Prometheus was and still is a bit of a trainwreck, but it is worth defending if it’s ever labeled as the bastard child of the Alien franchise. Alien is classic sci-fi horror, Aliens is the perfect sci-fi action sequel that everyone wanted, Alien 3 is the polarizing threequel that most seem to love to hate, and Alien: Resurrection is this wonderful and enjoyable mess of a film. Despite David Fincher disowning Alien 3 and Joss Whedon’s script for Resurrection being completely ripped to shreds, the sequels are still better than they have any right to be. Prometheus was enjoyable since it accidentally re-introduced the world to intelligent mainstream science fiction cinema. The questions it raised about where we come from as well as its views on creationism triggered this incredible internal contemplation that deserves the highest of accolades. As a sci-fi film it was pretty extraordinary, but as an Alien prequel it left this giant gaping hole in the hearts of our limp and lifeless corpses entirely overcome with anticipation.
In the year 2104 (ten years since the events of Prometheus) , the colony ship The Covenant heads to the planet Origae-6 with a crew of 15 and 2,000 colonists and over 1,000 embryos as its cargo. The planet will take over seven years to reach, so cryo-sleep is needed to survive the exhausting journey. Walter (Michael Fassbender), an android that is an updated version of David, runs the ship while everyone sleeps but a neutrino shockwave disrupts the ship’s otherwise peaceful expedition. This occurrence violently awakens most of the crew, but takes the life of The Covenant’s captain leaving first mate Christopher Oram (Billy Crudup) in charge of the vessel.
During repairs, a transmission is received leading to a nearby planet with an atmosphere that is similar to Earth yet shows no signs of life. The detour seems worthwhile to nearly everyone on board except for the terraforming expert named Daniels (Katherine Waterston), who is very adamant about not veering off course and believes this sudden discovery is possibly life threatening. The expedition team sent to this mystery planet encounters the crash site of the engineering ship known as the Prometheus. The team discovers sources for drinkable water and a plethora of wheat fields; a seemingly perfect place to reboot human civilization. But the planet lacks wildlife of any kind and two crew members suddenly fall victim to an alien spore.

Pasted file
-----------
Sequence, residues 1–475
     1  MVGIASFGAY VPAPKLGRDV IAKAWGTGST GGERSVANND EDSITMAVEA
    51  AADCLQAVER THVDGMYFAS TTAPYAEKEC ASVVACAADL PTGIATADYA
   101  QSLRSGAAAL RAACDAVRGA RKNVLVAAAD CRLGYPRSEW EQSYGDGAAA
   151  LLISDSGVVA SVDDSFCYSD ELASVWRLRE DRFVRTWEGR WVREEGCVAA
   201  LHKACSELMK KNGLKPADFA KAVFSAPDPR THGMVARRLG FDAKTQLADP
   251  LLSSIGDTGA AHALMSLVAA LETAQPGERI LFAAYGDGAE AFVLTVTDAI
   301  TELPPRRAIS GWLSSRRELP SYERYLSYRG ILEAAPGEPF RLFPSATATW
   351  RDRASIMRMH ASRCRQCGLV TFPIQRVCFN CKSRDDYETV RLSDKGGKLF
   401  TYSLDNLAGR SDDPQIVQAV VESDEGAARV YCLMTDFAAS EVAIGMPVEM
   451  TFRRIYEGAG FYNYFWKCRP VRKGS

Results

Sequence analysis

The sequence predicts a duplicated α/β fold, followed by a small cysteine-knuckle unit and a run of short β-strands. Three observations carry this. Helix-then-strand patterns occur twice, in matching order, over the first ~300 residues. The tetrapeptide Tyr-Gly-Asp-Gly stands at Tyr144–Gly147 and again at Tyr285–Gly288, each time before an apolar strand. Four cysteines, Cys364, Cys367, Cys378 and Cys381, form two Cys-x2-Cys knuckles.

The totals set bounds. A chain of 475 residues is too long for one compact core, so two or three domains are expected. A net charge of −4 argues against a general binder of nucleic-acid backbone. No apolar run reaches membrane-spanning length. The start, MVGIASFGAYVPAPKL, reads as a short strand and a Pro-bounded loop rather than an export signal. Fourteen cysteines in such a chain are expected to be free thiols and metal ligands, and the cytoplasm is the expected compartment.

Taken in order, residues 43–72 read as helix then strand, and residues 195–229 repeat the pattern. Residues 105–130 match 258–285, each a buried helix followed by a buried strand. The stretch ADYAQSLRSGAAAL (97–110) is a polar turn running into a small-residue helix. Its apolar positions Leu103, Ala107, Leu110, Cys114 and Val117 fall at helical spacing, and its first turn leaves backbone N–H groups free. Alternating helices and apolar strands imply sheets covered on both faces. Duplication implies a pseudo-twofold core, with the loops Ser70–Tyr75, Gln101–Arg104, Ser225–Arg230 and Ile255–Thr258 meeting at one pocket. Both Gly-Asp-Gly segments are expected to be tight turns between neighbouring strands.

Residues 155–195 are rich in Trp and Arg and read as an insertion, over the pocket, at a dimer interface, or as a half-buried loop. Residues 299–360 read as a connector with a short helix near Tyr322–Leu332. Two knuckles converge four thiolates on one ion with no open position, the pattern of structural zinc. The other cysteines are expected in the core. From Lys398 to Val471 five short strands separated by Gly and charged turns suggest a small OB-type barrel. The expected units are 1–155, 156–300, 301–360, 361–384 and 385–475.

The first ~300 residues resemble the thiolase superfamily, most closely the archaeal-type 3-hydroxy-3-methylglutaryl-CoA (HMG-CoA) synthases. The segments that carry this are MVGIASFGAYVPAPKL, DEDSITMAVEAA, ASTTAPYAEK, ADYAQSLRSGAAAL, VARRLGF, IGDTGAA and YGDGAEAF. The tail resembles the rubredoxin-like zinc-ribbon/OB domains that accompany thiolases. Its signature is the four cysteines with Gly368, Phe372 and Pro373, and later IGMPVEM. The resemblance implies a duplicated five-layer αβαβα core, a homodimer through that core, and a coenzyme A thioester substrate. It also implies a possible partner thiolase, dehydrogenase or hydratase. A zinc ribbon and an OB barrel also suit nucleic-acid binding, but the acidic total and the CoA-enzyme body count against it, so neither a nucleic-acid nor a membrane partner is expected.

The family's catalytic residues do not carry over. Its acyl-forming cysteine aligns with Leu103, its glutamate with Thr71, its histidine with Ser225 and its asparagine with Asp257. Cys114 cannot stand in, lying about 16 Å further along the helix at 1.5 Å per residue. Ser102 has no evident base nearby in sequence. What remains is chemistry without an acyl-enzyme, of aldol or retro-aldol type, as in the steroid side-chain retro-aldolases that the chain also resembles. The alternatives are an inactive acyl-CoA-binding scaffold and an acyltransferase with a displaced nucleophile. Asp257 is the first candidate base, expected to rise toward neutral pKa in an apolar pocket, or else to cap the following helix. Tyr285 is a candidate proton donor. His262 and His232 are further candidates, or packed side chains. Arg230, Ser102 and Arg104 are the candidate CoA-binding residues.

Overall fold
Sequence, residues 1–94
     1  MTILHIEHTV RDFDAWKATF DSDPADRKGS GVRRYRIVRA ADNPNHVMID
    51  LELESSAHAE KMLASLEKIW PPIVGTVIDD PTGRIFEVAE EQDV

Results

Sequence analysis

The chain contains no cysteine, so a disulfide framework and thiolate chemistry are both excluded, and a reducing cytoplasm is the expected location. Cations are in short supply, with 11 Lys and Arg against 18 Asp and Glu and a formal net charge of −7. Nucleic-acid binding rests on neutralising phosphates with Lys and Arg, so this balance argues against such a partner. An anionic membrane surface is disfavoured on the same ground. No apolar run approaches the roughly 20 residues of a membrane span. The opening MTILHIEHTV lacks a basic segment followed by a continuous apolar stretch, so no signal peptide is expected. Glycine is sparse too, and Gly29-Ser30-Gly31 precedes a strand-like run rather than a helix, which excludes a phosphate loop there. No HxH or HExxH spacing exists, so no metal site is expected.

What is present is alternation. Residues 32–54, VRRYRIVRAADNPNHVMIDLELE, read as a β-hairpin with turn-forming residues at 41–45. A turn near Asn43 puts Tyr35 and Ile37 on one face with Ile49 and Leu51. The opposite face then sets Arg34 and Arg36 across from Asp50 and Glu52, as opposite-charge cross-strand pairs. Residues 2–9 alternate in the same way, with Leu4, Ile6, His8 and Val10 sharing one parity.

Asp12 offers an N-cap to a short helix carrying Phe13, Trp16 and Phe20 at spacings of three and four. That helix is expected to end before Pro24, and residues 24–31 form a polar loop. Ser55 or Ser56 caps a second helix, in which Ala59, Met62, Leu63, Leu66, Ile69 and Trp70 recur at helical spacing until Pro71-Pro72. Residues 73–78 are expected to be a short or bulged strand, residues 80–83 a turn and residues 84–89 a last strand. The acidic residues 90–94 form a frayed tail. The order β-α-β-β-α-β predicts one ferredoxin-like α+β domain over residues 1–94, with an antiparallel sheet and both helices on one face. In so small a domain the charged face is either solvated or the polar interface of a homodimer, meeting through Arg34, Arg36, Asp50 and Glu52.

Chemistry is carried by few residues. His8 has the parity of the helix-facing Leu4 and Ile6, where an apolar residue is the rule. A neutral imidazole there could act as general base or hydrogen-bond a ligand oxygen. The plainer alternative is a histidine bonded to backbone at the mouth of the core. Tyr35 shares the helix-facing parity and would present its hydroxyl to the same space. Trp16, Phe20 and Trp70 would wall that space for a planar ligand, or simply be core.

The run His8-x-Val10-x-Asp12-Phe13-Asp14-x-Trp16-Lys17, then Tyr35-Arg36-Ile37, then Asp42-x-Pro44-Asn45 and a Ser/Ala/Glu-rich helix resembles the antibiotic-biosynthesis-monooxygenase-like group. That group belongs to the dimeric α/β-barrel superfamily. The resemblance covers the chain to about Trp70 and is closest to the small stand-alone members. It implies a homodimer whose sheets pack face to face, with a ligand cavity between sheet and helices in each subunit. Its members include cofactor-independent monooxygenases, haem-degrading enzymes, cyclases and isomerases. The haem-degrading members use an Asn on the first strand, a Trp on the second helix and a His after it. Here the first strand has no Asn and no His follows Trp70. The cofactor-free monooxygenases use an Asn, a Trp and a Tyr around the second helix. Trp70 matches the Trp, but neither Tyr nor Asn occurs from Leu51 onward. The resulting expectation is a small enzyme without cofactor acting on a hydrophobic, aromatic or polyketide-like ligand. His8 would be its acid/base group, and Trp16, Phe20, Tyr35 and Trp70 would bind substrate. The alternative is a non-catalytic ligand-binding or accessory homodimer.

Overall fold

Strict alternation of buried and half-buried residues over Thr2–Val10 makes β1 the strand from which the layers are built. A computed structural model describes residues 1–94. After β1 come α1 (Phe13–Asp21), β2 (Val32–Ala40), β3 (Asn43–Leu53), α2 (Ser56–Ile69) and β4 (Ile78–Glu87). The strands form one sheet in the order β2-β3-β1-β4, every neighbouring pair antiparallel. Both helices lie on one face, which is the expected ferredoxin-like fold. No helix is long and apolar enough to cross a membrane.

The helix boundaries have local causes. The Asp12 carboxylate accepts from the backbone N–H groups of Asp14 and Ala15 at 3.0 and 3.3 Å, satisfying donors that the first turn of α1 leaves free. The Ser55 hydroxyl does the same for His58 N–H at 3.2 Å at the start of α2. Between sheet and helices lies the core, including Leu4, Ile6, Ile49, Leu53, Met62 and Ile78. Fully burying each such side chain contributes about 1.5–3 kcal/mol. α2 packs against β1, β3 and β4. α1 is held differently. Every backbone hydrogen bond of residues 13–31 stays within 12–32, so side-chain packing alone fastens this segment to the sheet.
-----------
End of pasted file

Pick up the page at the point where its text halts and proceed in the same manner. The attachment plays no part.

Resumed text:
Ridley Scott has said that Alien: Covenant is his way of listening to the fans and correcting what Prometheus got wrong. Fans were in an uproar that the Xenomorph was nowhere to be seen in the supposed prequel to Alien, so Scott finally delivers with the beloved sci-fi movie monster; its first appearance on-screen in two decades (Alien: Resurrection was 1997 and no the AVP films don’t count). But it’s as if Ridley Scott knows what the fans want, dangles it in front our faces, and then allows a chestburster to viciously violate its insides as we watch our hopes and dreams crumble away. Covenant introduces the idea that there are scarier things drifting out in space other than the Xenomorph and it all comes back around to Michael Fassbender’s David.
Fassbender is the highlight of the film, but this new prequel trilogy has basically revolved around him from the start. He does two different accents for the roles of David and Walter in an effort to distinguish the two similar androids apart, but it seems odd to think that the film’s best moments are when David and Walter share screen time which is just Fassbender talking to himself. It also helps that Fassbender gets all the best dialogue. The prologue alone with a younger Peter Weyland (Guy Pearce) as he talks with David for the first time is extraordinarily fascinating.